SAN Manager does have the ability to backup and recover heterogeneous switch configurations, simultaneously configure zones and LUN masking and provide your SAN with end-to-end path management. Having the ability to backup and recover heterogeneous switch configurations is a big win for the largest of sites with the most diverse compilations of hardware. The autopath wizard simplifies the process of switch zoning and LUN masking by completing both tasks in one operation. That reduces human error and streamlines the operations associated with SAN security. End-to-end path management is a dream come true for the troubleshooter engaged in an exercise with several hops between the initiator and target.

EMC has brought host management to ECC by way of ARM. ARM provides for the provisioning, monitoring, real-time reporting and alert notification of such data structures as databases, logical volumes and file systems on Unix, Windows and MVS operating systems. Accomplished by alert notification, administrators can develop autofix scripts to launch upon the receipt of an event from a managed data structure to enhance lights out operations. ControlCenter 5.1 is free with the purchase of one of its application plug-ins. With the plug-ins priced as follows:

  • Automatic Resource Manager (ARM): $5,800
  • StorageScope: $3,300
  • Common Array Manager: $1,000
  • SAN Manager: $16,000
  • Workload Analyzer: $6,600
You'll notice that the higher priced plug-ins are the applications that are more heterogeneous in nature. Due to current functionality and support, the common array manager is of lesser value to organizations that don't have an EMC or HP StorageWorks storage array. Look for this value assessment as well as its price to change as APIs are swapped between more disk array vendors. As for the value of the other application plug-ins, the functional aspect of the value-add equation can be found to be complete, however, ControlCenter's true value can only be ascertained by its extended support of the specific applications and hardware in your data center. The larger percentage of heterogeneous support, the greater value ControlCenter will offer to your overall SAN management solution. As for now, ECC is a good beginning of things to come if EMC continues to work with other leading vendors in the storage space.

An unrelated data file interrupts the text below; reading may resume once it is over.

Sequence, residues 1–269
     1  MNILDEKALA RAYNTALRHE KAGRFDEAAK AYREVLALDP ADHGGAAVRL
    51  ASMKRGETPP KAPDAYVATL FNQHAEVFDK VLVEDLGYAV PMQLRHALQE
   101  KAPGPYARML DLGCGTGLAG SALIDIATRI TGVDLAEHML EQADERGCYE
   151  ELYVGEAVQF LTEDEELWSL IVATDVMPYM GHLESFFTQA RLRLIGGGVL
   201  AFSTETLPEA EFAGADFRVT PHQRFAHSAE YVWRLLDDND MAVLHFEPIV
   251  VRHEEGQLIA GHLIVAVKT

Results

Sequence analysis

In conclusion, EMC's ControlCenter product is definitely a next-generation package. It provides intelligence over and above basic discovery and zoning with its own engineering efforts directed towards backup and recovery, streamlining operational tasks by encapsulating long tedious procedures into single operations, and heterogeneous support. And although management functionality is limited in some of ECC's advertised supported hardware, an effort has been made to forge relationships with other vendors by integrating their native management applications into ECC.